Record Display for the EPA National Library Catalog

RECORD NUMBER: 8 OF 9

OLS Field Name OLS Field Data
Main Title Role of Beta-Endorphin in the Control of Body Temperature in the Rabbit.
Author Gordon, C. J. ; Rezvani, A. H. ; Heath, J. E. ;
CORP Author Health Effects Research Lab., Research Triangle Park, NC. ;Illinois Univ. at Urbana-Champaign. Dept. of Physiology and Biophysics.
Year Published 1984
Report Number EPA/600/J-84/147;
Stock Number PB85-124477
Additional Subjects Thermoregulation ; Skin temperature ; Neuron activity ; Heat loss ; Rabbits ; Laboratory animals ; Metabolism ; Behavior ; Reprints ; Endorphin
Holdings
Library Call Number Additional Info Location Last
Modified
Checkout
Status
NTIS  PB85-124477 Most EPA libraries have a fiche copy filed under the call number shown. Check with individual libraries about paper copy. 06/23/1988
Collation 11p
Abstract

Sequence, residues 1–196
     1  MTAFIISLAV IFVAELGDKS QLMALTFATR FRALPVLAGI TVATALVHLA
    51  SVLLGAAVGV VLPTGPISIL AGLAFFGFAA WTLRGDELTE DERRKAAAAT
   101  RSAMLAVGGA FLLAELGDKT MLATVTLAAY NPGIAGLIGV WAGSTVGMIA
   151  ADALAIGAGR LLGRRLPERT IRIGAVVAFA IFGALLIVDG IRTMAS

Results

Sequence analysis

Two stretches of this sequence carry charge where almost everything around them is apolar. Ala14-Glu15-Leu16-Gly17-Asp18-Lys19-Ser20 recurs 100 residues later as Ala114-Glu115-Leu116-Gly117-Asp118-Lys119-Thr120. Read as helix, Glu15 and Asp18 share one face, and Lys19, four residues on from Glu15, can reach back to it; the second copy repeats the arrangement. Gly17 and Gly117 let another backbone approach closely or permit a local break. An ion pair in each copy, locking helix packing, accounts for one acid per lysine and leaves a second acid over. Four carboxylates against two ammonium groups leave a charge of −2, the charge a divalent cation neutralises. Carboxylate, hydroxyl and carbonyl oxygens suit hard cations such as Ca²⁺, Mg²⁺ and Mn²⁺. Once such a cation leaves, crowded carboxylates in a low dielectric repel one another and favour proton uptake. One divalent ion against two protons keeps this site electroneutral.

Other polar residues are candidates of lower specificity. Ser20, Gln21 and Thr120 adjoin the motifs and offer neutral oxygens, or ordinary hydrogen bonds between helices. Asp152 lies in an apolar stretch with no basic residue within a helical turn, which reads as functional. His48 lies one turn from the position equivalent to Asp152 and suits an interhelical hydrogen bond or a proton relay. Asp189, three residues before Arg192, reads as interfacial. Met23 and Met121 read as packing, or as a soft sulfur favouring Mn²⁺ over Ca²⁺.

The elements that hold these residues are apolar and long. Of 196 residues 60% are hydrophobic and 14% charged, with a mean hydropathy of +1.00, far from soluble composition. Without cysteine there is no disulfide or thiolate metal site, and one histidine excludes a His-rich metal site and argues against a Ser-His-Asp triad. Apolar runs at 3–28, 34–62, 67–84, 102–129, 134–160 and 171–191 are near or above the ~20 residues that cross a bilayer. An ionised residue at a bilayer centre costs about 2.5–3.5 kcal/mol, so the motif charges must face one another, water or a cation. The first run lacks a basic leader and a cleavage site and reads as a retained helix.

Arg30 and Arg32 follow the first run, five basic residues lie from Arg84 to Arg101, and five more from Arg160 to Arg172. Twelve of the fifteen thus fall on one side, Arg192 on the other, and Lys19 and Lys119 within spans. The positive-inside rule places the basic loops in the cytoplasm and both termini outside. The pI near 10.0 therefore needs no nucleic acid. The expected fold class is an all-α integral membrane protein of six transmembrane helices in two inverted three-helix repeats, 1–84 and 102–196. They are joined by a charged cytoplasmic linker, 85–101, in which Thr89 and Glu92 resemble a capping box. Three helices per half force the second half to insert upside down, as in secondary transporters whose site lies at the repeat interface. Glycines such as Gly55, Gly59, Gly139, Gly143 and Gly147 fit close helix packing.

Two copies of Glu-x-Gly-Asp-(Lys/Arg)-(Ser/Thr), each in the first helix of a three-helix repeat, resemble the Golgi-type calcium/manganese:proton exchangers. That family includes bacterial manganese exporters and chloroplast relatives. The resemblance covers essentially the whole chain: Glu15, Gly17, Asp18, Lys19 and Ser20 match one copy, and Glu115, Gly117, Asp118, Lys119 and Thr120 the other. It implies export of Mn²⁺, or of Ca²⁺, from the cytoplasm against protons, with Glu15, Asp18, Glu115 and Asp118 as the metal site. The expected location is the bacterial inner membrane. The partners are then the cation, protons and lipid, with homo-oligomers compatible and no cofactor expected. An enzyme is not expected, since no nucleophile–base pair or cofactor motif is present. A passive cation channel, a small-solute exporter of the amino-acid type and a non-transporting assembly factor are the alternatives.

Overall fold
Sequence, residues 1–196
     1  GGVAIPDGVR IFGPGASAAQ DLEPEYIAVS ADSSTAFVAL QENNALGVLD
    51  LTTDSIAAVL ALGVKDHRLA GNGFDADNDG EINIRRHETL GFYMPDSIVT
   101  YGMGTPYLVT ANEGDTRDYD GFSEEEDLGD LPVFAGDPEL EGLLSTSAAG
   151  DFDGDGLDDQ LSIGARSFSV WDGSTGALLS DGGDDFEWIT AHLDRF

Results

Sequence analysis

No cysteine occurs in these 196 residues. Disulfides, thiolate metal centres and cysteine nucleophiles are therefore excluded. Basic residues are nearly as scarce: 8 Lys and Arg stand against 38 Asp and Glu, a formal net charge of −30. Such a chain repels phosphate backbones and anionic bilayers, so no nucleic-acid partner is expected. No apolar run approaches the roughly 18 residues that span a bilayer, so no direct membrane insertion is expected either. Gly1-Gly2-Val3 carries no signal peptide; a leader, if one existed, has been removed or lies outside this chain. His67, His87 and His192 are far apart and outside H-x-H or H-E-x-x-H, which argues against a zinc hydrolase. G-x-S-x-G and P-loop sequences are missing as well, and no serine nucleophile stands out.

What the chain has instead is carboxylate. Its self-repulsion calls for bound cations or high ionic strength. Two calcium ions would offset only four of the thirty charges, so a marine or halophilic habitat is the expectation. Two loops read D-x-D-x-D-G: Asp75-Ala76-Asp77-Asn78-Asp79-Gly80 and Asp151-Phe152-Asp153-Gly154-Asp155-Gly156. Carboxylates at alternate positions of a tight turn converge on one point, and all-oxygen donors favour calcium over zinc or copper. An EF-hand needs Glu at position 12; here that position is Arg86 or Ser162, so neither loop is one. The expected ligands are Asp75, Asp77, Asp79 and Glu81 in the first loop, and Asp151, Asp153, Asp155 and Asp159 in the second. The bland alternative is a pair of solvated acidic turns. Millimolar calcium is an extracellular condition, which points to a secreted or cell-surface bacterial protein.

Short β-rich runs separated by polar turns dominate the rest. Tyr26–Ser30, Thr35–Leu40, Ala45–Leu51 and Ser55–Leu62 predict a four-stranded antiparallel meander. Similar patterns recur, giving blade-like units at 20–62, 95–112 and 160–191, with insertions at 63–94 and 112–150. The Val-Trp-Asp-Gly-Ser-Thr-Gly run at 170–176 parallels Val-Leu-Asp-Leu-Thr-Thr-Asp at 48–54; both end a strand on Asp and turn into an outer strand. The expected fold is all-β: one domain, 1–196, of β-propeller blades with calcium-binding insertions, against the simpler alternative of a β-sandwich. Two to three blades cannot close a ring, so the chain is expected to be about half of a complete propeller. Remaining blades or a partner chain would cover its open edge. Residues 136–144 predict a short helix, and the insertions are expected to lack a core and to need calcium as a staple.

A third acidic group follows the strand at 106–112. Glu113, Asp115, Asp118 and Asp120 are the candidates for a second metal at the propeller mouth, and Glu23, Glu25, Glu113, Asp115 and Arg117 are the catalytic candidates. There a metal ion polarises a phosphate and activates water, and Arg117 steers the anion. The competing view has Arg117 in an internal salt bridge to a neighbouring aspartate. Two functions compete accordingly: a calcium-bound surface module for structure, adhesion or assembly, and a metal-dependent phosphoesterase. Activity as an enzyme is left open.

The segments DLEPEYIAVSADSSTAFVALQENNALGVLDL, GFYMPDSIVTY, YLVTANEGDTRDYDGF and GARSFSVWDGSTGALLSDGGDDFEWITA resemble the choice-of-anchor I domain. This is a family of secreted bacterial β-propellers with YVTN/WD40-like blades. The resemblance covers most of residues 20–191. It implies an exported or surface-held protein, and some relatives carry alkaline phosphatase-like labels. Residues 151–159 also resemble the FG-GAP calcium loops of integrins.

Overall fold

There is evidence of release of the opioid peptide beta-endorphin (beta-E) in the hypothalamus during development of fever and stress-induced hyperthermia. In the unanesthetized rabbit microinjection of beta-E in the preoptic/anterior hypothalamus (POAH) results in peripheral vasoconstriction, inhibition of evaporative heat loss, and a prolonged elevation of body temperature. These reactions are magnified with increases in ambient temperature. Injections of beta-E nearly abolish vasodilation to back heating and also postural enhancement of heat dissipation (sprawling, limb extension) in a hot environment. Beta-E has also been found to reduce the thermal sensitivity of single POAH neurons to ambient heating. However, POAH beta-E injections do not alter metabolic rate at ambient temperatures from 2 to 27 C, and to this extent beta-E-induced hyperthermia is distinct from fever. It is suggested that beta-E reduces sensitivity of POAH neurons to high ambient temperature and that this reduction leads to increased peripheral vasoconstriction, inhibition of evaporative heat loss, and modification of behavioral thermoregulation resulting in a regulated-type elevation in body temperature. A general neural model is proposed to explain the thermoregulatory effects of beta-E in the rabbit.